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Highlights of White House Procurement Breakout Session

By Ed O'Keefe

Apologies for not posting these sooner, but below are the highlights of yesterday afternoon's breakout session about procurement during President Obama's Fiscal Responsibility Summit, as provided by the pool reporter, Jon Ward of The Washington Times. The Eye promises to follow up on the meeting's developments in the coming days:

Procurement breakout session attendees: Homeland Security Secretary Janet Napolitano, Deputy Secretary of State for Management Jack Lew, Sen. Carl Levin (D-Mich.) Sen. Joseph I. Lieberman (I-Conn.) Sen. John McCain (R-Ariz.), Sen. Susan Collins (R-Maine), Sen. Claire McCaskill (D-Mo.), Rep. Tom Price (R-Ga.), Rep. Ellen Tauscher (D-Calif.) Rep. Edolphus Towns (D-N.Y.), Change to Win's Anna Burger, American Federation of Government Employees' Joe Flynn, Center for American Progress' Larry Korb, U.S. Chamber of Commerce's Martin Regalia and NAACP's Hilary Shelton.

Summary: This was a wonky session that Napolitano admitted at the top might be dry but covered a wide range of factors that are causing government contracting to spiral out of control. Much of the conversation revolved around why cost overruns are becoming so common, whether the government should go back to fixed-price contracts as the norm instead of the exception, and issues surrounding the federal workforce.

Levin announced he is introducing a bill that will require defense contracts to be reexamined if its cost increase more than 25 percent over its initial estimate. “It will create a presumption that a system will not continue if it breaks that barrier … There is presumption that a weapons system will not continue to be built, or if it is a requirement that there be a new beginning in terms of the economic assessment … the cost assessments would have to be made again,” Levin said, adding that there will also be a requirement that if there is a $100 billion umbrella contract it must be competitive.

Lieberman also announced that he and Collins have asked McCaskill to chair a new Homeland Security subcommittee on procurement oversight.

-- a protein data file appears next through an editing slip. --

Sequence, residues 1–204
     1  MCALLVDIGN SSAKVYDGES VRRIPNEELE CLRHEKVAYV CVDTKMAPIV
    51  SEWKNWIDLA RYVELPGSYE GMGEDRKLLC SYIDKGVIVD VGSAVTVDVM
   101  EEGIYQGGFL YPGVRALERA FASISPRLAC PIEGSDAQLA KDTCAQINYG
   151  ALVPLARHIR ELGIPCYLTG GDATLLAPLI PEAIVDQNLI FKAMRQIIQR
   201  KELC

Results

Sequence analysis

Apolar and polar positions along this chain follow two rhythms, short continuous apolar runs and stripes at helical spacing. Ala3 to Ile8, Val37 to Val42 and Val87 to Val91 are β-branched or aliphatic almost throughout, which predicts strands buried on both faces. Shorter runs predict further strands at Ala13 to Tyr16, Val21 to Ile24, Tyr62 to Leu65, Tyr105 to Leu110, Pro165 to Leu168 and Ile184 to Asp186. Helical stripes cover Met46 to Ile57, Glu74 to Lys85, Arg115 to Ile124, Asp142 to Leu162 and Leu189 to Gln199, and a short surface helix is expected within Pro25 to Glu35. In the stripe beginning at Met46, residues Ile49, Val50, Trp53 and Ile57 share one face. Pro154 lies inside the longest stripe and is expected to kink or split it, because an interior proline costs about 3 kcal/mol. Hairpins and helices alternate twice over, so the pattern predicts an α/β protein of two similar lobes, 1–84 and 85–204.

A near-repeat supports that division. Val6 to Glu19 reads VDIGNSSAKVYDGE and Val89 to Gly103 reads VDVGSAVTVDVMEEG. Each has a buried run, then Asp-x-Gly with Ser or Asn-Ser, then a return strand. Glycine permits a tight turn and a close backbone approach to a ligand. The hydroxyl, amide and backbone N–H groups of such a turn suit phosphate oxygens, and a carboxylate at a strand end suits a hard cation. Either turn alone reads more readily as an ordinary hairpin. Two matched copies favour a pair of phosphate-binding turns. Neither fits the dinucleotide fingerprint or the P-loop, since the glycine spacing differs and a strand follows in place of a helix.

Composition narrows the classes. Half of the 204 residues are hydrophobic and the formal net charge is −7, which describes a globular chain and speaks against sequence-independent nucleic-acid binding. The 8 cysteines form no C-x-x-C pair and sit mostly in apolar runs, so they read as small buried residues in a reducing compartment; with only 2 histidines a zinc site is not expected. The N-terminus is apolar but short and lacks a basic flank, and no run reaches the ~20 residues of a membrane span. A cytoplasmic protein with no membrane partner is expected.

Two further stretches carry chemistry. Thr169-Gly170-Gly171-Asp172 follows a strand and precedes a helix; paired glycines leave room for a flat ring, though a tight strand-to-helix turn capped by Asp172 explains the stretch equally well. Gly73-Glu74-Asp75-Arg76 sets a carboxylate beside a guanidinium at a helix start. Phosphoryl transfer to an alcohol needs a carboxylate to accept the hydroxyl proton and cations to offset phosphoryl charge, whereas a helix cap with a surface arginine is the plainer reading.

And McCain, when talking about the military, popped off on Iraq and Afghanistan: “We will be shifting those troops that come back from Iraq not back to the united states … but to afghanistan. And they'll be gone for a long time … I think the president's announcement of 17,000 is only a first announcement.”

Other than that, McCain was the most combative of the lawmakers. He appeared irritable and close to losing his temper at one point with Tauscher, when she said that satellite contracts in California needed to be preserved, despite cost overruns.

The funniest line of the session came from Levin. When Issa remarked that U.S. military generals and other officers in theater are controlling more money than the entire State Department, Levin blurted out, “Thank God.”

“Jack's not smiling,” Price cracked, looking at the deputy Secretary of State.

“You're writing who the hell invited that guy,” Levin said, laughing.

[Rahm] Emanuel entered at 3:24 p.m.: “Oh, nice of you to join us,” said Issa. Emanuel said nothing and asked no questions.

The 90-minute session was dominated by the lawmakers. McCain, Lieberman, Levin and Issa did most of the talking, with Korb and McCaskill and Price also talking a good bit. Napolitano and Lew asked questions but said little else.

Afterward, Lieberman remarked that the session was productive, and McCaskill noted on her Twitter page: “Surprised at how productive breakout session was on procurement. McCain Collins Lieberman Issa Tauscher Price Levin Towns. All great … It was a session of good policy not politics. Makes me hopeful. If we could just keep that kind of productive atmosphere down the street.”

Everyone sat down in folding chairs arranged in a circle. Napolitano, who was facing away from us, began session by saying that procurement sounds dry but that it quickly gets into issues of good governance, and then had the group go around the circle and introduce themselves.

Lew started off session by he wants more progress toward competitive contracting and asked the group for their ideas.

Napolitano took down the group's ideas and ran them down at the end, saying she was taking the list to brief the president before the start of the last session, an address by POTUS to the summit attendees in the same room.

By Ed O'Keefe  | February 24, 2009; 5:40 PM ET
Categories:  Administration, Agencies and Departments, Congress, Overheard  
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